As readers may know, before I wrote about video games, I worked in the nonprofit industry for a number of years. I raised money and, in one of my favorite positions, I helped give it away to groups with worthy projects. In a previous position I was responsible for distributing state grant funds both in a local capacity and as part of a government panel of experts. The lessons I learned doing this can be applied to Kickstarter.

Before Double Fine married the gaming world with crowd funding, Kickstarter was (and still is) a hotbed of cultural activity. Just as developers have traditionally contended with the publisher model, artists typically needed to have fiscal sponsorship by a 501(c)(3) in order to more easily raise funds.

Under that section of the tax code, contributions are tax deductible, which is a major motivating force behind charitable giving. Without that status, going to complete strangers with a letter or short grant proposal was rarely successful.

Kickstarter allows artists to present their work to interested parties from around the world who might be willing to help see the projects completed, just as it has allowed developers to get in front of gamers. Even though the barriers to funding have fallen, the rules of fundraising and project management have not. 

There are some simple rules that Kickstarter project managers of all disciplines should consider when assembling a proposal.

Be Honest
Above all else, project managers must be up front with potential backers about the strengths and weaknesses of the project. Kickstarter's "Risks and Challenges" section should not be looked at as onerous, but rather as an opportunity. The best projects are those in which the managers have taken the opportunity to be honest with themselves first.

Budget Wisely
Whenever I worked with nonprofit groups on budgeting, my first rule was simple. "Project your revenue low and your expenses high." Always assume that something is going to take more time than you'd like, and absolutely plan for financial contingencies. This includes backer rewards. The case of Star Command is one that should be drummed into every project manager's head. Backer rewards and fulfillment cost money. They must be part of the budget.

Don't Bite Off More Than You Can Chew
Too often, I see project scopes and stretch goals that evidence "mission creep." Rather than using funds for smart additions that are within the realm of feasibility, project managers frequently commit to too much before a single day of development has gone by. Stretch goals are dangerous, especially as they are often formed out of the excitement of unexpected success. Before committing, project managers should revisit the entire budget to make sure that incremental additions achieve economies of scale rather than yielding excessive expenses.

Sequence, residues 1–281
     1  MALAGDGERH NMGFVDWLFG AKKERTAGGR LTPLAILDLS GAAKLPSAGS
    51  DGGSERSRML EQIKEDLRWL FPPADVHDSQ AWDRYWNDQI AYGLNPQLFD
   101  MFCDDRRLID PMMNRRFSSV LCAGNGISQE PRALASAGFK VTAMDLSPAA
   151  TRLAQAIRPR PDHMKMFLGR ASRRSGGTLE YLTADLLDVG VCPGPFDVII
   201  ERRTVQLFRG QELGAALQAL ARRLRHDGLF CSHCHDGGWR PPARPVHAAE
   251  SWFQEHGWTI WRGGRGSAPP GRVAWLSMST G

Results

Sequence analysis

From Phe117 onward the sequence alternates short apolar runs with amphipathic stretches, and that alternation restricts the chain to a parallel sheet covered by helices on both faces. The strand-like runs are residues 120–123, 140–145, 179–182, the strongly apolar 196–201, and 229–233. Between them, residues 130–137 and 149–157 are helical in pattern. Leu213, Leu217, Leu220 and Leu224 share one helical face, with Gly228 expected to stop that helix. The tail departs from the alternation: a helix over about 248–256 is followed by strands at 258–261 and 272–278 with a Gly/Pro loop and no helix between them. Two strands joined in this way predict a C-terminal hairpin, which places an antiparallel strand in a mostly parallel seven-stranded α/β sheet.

Fire When Ready
We receive many Kickstarter pitches every day. When making the decision to cover a project, I ask a set of standard questions. 

  • Is the budget feasible?
  • Has the project manager been honest about the challenges?
  • Are there unanswered questions about the development cycle, other funding, or the experience of the staff involved
  • Have the developers on the project actually shipped a game?
  • Is the project just an idea or is it an in-progress endeavor?
  • Does the pitch video show enough that I am confident the project will happen?

Provide Timely Updates During the Campaign and After
Do not alienate your backers. If something changes (good or bad), let your backers know immediately. Transparency is important, and it should be full. There are few things worse than being mostly transparent, but surprising your backers with a bit of bad news. Backers might not be investors in the traditional sense, but there is a perception among many that they are entitled to be fully in the loop. Whether you agree or not as a project manager is irrelevant, especially if you want people to fund you again.

When looking at Kickstarter projects, I need to have the confidence that managers have fully considered all of the contingencies and worst case scenarios. I want to know that the team has credibility and can deliver on promises. I expect that the big questions about execution are answered up front and don't require an interview with the developers.

We see many interesting concepts and few attractive projects. The more project managers do up front to answer questions, the easier it is for us to cover and for backers to fund. These are the same things I suggested to the hundreds of organizations I worked with as a grant maker, and though there are differences in the financial model, they apply to any group asking others for hard-earned money.

Note: This story was originally published on July 13, 2013.